– R. D. Carmichael, “Tactical Configurations of Rank Two,” in American Journal of Mathematics, Vol. 53, No. 1 (Jan., 1931), pp. 217240
Epigraph from Ch. 4 of Design Theory , Vol. I:
“Es is eine alte Geschichte,
doch bleibt sie immer neu ”
—Heine (Lyrisches Intermezzo XXXIX)
See also “Do you like apples?“
"The space in which a film takes place"—
See Eightfold Geometry, linked to here on the date of Boyle's death.
It is well known that the seven
Similarly, recent posts* have noted that the thirteen
These three cubes, with 8, 27, and 64 subcubes, thus serve as geometric models in a straightforward way– first as models of finite linear spaces, hence as models for small Galois geometries derived from the linear spaces. (The cubes with 8 and 64 subcubes also serve in a less straightforward, and new, way as finitegeometry models– see The Eightfold Cube, Block Designs, and Solomon's Cube.)
A group of collineations** of the 21point plane is one of two nonisomorphic simple groups of order 20,160. The other is the linear group acting on the linear 4space over the twoelement Galois field GF(2). The 1899 paper establishing the nonisomorphism notes that "the expression Galois Field is perhaps not yet in general use."
Coordinates of the 4×4×4 cube's subcubes can, of course, be regarded as elements of the Galois field GF(64).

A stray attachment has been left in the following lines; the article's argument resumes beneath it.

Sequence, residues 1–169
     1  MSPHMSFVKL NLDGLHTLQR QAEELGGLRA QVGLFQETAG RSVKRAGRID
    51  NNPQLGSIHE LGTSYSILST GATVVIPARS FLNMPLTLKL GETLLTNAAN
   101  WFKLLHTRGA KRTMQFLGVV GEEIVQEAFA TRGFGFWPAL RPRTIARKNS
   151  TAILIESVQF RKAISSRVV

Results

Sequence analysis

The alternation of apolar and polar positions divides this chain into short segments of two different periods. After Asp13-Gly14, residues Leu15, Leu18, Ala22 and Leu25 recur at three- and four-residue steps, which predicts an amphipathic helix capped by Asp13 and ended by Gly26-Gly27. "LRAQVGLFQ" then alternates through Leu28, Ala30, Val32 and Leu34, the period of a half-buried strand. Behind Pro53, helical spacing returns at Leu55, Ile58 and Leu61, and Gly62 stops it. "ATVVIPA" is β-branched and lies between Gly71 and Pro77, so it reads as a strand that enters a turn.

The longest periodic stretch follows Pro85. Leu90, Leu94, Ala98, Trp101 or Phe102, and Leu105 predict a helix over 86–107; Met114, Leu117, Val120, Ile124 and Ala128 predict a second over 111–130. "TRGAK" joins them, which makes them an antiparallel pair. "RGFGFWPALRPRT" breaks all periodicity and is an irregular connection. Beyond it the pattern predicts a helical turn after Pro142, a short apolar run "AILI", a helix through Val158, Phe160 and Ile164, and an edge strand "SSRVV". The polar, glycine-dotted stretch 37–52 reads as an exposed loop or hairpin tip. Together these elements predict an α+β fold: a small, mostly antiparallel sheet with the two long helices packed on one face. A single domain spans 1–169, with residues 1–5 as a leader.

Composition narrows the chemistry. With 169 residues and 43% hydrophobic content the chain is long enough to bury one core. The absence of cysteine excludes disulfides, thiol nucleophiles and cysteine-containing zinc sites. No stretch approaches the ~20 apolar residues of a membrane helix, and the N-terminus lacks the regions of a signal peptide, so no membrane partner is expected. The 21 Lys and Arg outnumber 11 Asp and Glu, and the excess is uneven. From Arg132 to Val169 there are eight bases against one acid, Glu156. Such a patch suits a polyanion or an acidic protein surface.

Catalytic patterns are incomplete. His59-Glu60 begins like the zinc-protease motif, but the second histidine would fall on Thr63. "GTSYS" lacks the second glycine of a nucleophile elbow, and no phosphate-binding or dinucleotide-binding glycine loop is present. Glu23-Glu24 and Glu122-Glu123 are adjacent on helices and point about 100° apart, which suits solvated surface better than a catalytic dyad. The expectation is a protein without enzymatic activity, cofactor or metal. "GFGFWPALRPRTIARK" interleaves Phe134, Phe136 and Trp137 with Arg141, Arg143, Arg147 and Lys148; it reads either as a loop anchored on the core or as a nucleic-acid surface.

The preceding remarks were purely mathematical. The "dreams" of this post's title are not. See…
See also Geometry of the I Ching and a search in this journal for
* February 27 and March 13
** G_{20160} in Mitchell 1910, LF(3,2^{2}) in Edge 1965
— Mitchell, Ulysses Grant, "Geometry and Collineation Groups
of the Finite Projective Plane PG(2,2^{2}),"
Princeton Ph.D. dissertation (1910)
— Edge, W. L., "Some Implications of the Geometry of
the 21Point Plane," Math. Zeitschr. 87, 348362 (1965)
"The cube has…13 axes of symmetry:
6 C_{2} (axes joining midpoints of opposite edges),
4 C_{3} (space diagonals), and
3C_{4} (axes joining opposite face centroids)."
–Wolfram MathWorld article on the cube
These 13 symmetry axes can be used to illustrate the interplay between Euclidean and Galois geometry in a cubic model of the 13point Galois plane.
The geometer's 3×3×3 cube–
27 separate subcubes unconnected
by any Rubiklike mechanism–
The 13 symmetry axes of the (Euclidean) cube–
exactly one axis for each pair of opposite
subcubes in the (Galois) 3×3×3 cube–
A closely related structure–
the finite projective plane
with 13 points and 13 lines–
A later version of the 13point plane
by Ed Pegg Jr.–
A group action on the 3×3×3 cube
as illustrated by a Wolfram program
by Ed Pegg Jr. (undated, but closely
related to a March 26, 1985 note
by Steven H. Cullinane)–
The above images tell a story of sorts.
The moral of the story–
Galois projective geometries can be viewed
in the context of the larger affine geometries
from which they are derived.
The standard definition of points in a Galois projective plane is that they are lines through the (arbitrarily chosen) origin in a corresponding affine 3space converted to a vector 3space.
If we choose the origin as the center cube in coordinatizing the 3×3×3 cube (See Weyl's relativity problem ), then the cube's 13 axes of symmetry can, if the other 26 cubes have properly (Weyl's "objectively") chosen coordinates, illustrate nicely the 13 projective points derived from the 27 affine points in the cube model.